Number of pedestrian-vehicle crashes up in Ann Arbor since adoption of crosswalk ordinance
Melanie Maxwell | AnnArbor.com
The number of crashes involving cars and pedestrians in Ann Arbor has increased since the city adopted its pedestrian safety ordinance, an analysis of statistics shows.
But, a city project manager said it's not clear the ordinance itself has had an impact on those numbers, especially since it wasn't enforced during its first year.
The death of a University of Michigan student who was hit by a car while she was crossing Plymouth Road has raised new questions about the safety of pedestrians in the city and prompted a city council member to address the issue Monday night.
The city's pedestrian crosswalk ordinance requires vehicles to stop for pedestrians standing at the curb of a crosswalk. This is slightly different than the Michigan Uniform Traffic Code requirement of yielding the right of way to pedestrians who are within a crosswalk.
Even though Ann Arbor is safer than other Michigan cities when it comes to pedestrian crashes, statistics from Michigan Traffic Crash Facts show the number of pedestrian crashes in Ann Arbor have risen in the last few years.
When the ordinance was first passed in 2010 — and when Ann Arbor adopted the UTC— there were 45 pedestrian-car crashes. A year later, that number shot up to 63 crashes before falling slightly to 60 crashes in 2012.
The number of crashes in 2012 and 2011 was markedly higher both years than for any of the years from 2004 until 2009. During those years, as few as 36 vehicle -pedestrian crashes were recorded in 2006. The highest number, 52, was recorded in 2007 and 2008.
Pat Cawley, senior project manager for the city of Ann Arbor, said he’s not sure the pedestrian ordinance has affected the number of crashes. He noted the ordinance was originally passed in 2010, started to be enforced in 2011 and was revised in 2012.
That moving target makes it hard for Cawley to accurately state how the ordinance has affected the frequency of pedestrian-car crashes.
“I do see an uptick in the last couple years, but we don’t know how many more pedestrians are out there or if there’s more vehicular traffic out there,” he said. “There’s been an increase in crashes overall. As the economy picked up, more people are driving more and crashes have increased.”
Plymouth Road is one of the most heavily trafficked areas in the city, with about 24,000 vehicles moving on the corridor every day, according to the Washtenaw Area Transportation Study.
Cawley said the city tracks the usage of the RRFB crosswalk through how many times the buttons that activate the lights are pushed throughout the day. He said the Plymouth Road crosswalks, installed in 2012, get at least 200 button pushes per day.
City of Ann Arbor Transportation Manager Eli Cooper said the crosswalk is intended to “shout” at drivers to make them aware they’re coming up to a pedestrian crossing.
However, Cooper said he recognizes that city officials need to make sure the public is educated about crosswalks in Ann Arbor.
“Engineering is only one component. Education is a fundamental element, as is enforcement,” he said.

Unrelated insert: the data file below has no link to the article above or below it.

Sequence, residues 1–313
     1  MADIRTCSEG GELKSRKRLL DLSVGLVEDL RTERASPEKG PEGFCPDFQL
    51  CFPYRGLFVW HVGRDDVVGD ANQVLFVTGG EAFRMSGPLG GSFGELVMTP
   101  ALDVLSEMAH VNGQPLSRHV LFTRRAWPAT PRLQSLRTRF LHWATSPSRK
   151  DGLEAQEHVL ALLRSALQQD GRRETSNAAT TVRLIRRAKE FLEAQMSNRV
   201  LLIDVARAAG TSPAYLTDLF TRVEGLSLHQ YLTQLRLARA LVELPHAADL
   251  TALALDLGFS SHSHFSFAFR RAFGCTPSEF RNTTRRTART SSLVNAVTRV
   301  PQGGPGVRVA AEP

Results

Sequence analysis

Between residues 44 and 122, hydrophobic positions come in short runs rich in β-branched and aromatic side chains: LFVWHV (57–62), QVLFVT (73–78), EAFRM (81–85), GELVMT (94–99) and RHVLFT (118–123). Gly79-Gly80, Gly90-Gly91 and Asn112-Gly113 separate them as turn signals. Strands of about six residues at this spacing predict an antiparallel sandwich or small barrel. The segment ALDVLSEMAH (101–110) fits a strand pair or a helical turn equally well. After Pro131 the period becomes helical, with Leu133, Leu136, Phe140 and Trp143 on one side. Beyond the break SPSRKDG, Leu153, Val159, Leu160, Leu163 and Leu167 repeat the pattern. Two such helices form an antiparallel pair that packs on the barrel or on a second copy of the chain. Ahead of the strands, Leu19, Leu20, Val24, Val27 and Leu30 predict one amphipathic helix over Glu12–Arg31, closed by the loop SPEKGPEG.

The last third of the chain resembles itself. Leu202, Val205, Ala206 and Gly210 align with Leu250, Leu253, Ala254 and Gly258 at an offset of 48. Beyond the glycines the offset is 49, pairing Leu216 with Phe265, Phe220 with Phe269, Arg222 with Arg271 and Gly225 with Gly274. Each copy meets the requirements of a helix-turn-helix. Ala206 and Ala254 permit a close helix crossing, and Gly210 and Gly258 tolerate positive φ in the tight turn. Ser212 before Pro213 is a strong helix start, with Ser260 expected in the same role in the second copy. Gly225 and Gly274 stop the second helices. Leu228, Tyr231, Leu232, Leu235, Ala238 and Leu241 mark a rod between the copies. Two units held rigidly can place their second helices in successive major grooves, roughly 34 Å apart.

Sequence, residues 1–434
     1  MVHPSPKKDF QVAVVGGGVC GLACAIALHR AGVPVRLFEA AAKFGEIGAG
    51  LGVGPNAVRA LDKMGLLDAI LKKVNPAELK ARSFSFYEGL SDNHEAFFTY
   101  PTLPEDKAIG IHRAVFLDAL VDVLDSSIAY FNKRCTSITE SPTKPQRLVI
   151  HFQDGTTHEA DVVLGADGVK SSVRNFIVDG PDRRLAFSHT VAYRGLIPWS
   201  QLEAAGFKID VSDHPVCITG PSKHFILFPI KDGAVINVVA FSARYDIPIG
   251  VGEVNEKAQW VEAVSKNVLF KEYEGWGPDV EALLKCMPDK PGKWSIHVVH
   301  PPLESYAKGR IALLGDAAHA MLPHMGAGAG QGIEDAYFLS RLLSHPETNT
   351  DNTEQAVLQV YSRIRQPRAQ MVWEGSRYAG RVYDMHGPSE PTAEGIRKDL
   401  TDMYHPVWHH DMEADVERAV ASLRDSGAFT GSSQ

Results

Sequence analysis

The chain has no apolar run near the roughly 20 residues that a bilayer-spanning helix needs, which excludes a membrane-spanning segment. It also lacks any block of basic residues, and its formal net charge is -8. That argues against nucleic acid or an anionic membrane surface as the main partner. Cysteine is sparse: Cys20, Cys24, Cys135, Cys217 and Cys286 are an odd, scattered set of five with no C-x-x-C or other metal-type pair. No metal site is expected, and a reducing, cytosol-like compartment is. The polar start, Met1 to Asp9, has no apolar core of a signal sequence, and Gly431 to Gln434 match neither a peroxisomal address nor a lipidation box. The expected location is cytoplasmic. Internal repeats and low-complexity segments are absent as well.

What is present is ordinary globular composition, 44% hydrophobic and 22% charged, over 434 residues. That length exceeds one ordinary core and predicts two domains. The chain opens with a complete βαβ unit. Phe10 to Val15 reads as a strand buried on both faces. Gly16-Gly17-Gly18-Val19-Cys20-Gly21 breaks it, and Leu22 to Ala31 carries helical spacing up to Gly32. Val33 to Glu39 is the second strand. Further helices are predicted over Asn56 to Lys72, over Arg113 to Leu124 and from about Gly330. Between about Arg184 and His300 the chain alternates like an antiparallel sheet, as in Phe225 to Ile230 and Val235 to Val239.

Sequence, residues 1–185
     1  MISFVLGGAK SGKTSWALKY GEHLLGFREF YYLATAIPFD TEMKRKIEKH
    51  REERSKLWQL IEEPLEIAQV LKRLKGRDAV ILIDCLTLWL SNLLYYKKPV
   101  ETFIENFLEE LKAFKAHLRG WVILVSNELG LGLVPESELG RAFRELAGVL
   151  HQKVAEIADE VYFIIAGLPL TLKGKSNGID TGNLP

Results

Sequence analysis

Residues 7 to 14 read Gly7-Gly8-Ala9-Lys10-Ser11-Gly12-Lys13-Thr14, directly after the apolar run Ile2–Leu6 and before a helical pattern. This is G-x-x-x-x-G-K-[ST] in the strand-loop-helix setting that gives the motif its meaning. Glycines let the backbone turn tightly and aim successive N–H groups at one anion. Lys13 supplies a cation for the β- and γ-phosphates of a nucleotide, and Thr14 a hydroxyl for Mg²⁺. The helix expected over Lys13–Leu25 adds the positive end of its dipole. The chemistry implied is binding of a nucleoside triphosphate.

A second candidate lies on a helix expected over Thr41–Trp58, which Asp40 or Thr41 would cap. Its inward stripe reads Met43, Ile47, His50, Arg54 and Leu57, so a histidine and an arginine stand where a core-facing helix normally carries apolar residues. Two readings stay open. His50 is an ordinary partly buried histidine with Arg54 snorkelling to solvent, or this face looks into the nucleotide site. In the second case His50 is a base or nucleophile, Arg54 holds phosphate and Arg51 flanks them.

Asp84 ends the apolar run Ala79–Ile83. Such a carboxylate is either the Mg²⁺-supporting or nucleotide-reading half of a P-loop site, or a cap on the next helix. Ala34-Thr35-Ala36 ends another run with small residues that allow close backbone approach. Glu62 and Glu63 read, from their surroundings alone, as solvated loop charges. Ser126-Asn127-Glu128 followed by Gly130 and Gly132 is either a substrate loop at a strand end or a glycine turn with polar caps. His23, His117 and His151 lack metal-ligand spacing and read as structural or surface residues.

He added, “We’re trying to educate motorists and pedestrians how to maneuver safely on our transportation system.”
Many changes have come to Plymouth Road’s crosswalks during the last 10 years. An island was installed in 2003, and RRFB lights are the most recent change. However, some residents still think more must be done.
Susan Filipiak’s mother, Helen, was killed crossing Plymouth Road when she was struck by a driver in 2002. Like Williams, Helen Filipiak was struck by a driver during the middle of the day. She was trying to cross the street during a walk from the Sunrise Assisted Living Facility.
Susan Filipiak said the crosswalk at that time was just lines painted on the pavement. There was no pedestrian ordinance at the time, but the Michigan Uniform Traffic Code language giving the right of way to pedestrians in a crosswalk was in effect.
It’s clear that words on a page aren’t enough, Filipiak said.
“They (city officials) would not look at more stop lights there, and that’s what it really needs,” she said. “Not more pedestrian crossing zones, they need stop lights.”
Cooper said the RRFBs have been working as advertised in most circumstances and Cawley added that the mean speeds on Plymouth Road have slowed since the RRFBs were introduced. The number of drivers yielding to pedestrians has also increased, Cawley said.
However, Cawley said it’s difficult for city traffic engineers to know where pedestrian-car crashes take place the most on the city’s roadways.
“Pedestrian and bike crashes are a lot less frequent,” he said. “We have a hard time really tracking them and seeing where hot spots are. With vehicle crashes, it’s easier because there are more of them and we can trend them a little better.”
Still, a vocal contingent of Ann Arbor residents is demanding something be done, including an independent traffic engineering evaluation of the city’s crosswalks. Some are pushing for the complete repeal of the crosswalk ordinance.
Filipiak said it’s time for city leaders to decide if pedestrian safety is more important than a quick drive into downtown Ann Arbor from the east.
“Ann Arbor is styling itself as a walkable city, accessible to pedestrians,” she said. “If something can’t be done, it’s shameful.”
This map shows the location of all fatal pedestrian crashes in the city of Ann Arbor between 2003 and 2013. There have been six such crashes.
View Ann Arbor fatal pedestrian crashes (2003-2012) in a larger map
Editor's note: This story had conflicting information about when the ordinance began to be enforced. That has been fixed.